Van Tassel said that quality parts arise from Coarc's existing ISO 9001:2008 certification and the ISO 9001:2015 certification scheduled to commence in February 2018. As important is Van Tassel's knowing Coarc's clients. The company's commitment to quality dates back to the company's founding as a contract manufacturer in 1965. Van Tassel is in charge of meeting the new 2015 standard in February 2018, and he said the firm's customers demand the highest quality and documentation to ensure Coarc produces accurate, consistent, and timely parts.
With those standards in hand, Van Tassel said knowing the clients allows Coarc to create a fixture or a jig to help the client make the part to quality requirements.
"You just have to know what their ability is and adapt the process to their ability," Van Tassel said. One counter-intuitive outcome of that is the worker with the disability is a better, more precise, and harder worker than someone hired from the outside.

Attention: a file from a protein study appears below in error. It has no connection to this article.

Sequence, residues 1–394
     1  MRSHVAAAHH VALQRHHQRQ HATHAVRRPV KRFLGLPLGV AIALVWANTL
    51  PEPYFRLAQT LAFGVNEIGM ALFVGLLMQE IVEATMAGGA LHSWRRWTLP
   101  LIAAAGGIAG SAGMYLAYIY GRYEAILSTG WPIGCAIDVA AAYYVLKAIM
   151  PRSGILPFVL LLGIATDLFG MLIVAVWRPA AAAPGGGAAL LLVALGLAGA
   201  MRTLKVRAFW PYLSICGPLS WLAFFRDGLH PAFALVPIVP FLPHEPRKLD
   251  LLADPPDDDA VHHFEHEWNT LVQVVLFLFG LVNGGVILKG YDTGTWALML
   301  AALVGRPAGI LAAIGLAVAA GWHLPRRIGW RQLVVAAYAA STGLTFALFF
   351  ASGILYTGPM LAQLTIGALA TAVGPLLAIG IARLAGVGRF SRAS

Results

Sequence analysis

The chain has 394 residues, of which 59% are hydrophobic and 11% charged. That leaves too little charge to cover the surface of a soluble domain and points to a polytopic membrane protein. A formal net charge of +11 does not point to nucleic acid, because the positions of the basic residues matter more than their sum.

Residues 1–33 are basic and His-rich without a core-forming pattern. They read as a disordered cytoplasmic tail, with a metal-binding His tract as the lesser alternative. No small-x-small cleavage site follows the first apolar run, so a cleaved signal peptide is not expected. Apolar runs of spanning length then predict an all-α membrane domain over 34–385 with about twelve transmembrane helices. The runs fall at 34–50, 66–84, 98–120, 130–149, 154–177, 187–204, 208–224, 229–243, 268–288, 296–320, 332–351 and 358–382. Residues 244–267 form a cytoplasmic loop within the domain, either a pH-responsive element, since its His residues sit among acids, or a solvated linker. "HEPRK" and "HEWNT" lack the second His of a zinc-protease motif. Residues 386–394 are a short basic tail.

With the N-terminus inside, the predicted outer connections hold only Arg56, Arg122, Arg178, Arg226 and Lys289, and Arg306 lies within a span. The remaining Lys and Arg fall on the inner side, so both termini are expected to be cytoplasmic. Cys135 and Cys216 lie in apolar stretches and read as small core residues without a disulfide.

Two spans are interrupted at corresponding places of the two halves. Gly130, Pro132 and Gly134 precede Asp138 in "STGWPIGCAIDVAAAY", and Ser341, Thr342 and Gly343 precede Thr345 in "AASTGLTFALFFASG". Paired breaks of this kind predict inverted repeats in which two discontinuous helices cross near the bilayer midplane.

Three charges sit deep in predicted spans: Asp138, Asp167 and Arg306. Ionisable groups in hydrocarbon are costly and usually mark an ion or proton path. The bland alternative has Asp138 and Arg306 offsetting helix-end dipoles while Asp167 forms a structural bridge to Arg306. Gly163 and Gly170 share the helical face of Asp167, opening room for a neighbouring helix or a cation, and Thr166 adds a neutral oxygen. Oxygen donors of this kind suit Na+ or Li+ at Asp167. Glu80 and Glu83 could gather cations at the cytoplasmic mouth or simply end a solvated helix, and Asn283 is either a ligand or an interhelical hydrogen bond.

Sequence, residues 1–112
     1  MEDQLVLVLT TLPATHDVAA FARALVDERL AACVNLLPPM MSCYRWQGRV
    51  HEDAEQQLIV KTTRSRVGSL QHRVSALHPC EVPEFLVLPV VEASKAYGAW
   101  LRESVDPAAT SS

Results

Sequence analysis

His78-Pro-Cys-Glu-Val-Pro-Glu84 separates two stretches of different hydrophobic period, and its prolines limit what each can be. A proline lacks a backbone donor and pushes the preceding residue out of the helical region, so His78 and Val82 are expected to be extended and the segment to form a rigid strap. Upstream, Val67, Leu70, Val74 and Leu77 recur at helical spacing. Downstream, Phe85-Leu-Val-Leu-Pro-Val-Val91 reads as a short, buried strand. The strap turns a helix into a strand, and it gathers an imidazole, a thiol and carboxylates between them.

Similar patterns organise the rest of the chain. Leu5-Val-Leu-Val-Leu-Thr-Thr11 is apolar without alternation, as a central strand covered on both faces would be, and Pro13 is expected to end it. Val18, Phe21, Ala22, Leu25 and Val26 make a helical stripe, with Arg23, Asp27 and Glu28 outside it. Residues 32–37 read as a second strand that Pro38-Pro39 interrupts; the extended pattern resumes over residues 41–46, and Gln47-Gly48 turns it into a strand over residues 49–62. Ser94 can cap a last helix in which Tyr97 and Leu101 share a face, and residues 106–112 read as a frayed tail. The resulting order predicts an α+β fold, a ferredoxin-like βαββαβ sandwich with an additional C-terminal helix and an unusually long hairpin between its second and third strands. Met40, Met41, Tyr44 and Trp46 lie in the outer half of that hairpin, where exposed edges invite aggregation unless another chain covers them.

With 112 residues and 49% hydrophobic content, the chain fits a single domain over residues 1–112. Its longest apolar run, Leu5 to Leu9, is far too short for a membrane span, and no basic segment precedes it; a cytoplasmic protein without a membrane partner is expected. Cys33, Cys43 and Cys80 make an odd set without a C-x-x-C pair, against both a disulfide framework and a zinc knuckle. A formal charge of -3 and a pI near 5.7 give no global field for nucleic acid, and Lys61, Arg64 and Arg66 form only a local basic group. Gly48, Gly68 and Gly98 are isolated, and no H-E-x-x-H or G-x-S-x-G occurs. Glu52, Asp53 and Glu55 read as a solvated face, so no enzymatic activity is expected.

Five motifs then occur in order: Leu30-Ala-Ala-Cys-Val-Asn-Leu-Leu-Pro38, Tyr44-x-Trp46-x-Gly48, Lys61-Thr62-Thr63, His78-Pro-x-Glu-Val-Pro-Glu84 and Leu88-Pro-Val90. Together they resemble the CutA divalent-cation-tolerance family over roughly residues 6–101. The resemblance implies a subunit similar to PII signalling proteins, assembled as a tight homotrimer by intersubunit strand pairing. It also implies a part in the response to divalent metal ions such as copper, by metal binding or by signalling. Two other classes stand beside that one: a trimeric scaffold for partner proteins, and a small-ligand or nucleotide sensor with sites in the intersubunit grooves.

This white injection molded part is used by the construction industry to position steel reinforcing rods inside concrete during a concrete pour. Photo by Mark Langlois.
In one case, Coarc designed a simple work tray for a bagging job. The client had to load 10 items into the bag for shipping, so Coarc designed the tray with an image on it of each of the 10 items. When all 10 items were sitting on top of their image on the tray, the client knew the bag was ready to fill.
"Once we get our people there, once they're dialed in and properly adapted to whatever it is they do, their repeatability is ridiculously good. Better than the employees. Better than me," Van Tassel admitted. "Not all of our people love all the jobs they do, but when they do, they won't stop. They'll mow you down. Do not get in front of them."
Van Tassel enjoys finding the right job for the right worker.
The human mission isn't enough to win an OEM's job, Van Tassel said. Coarc's mission gets some companies to offer them work, but quality work and a competitive price closes the deal.
"It sets us apart from every other injection molding company. When we tell them what we do, all of the sudden they're interested," Van Tassel said. Coarc's mission is "To expand abilities, one person at a time, so individuals experiencing disabilities can achieve their individual goals."
In many cases, an OEM making a decision may see two similar companies who both turn out a quality product at a good price.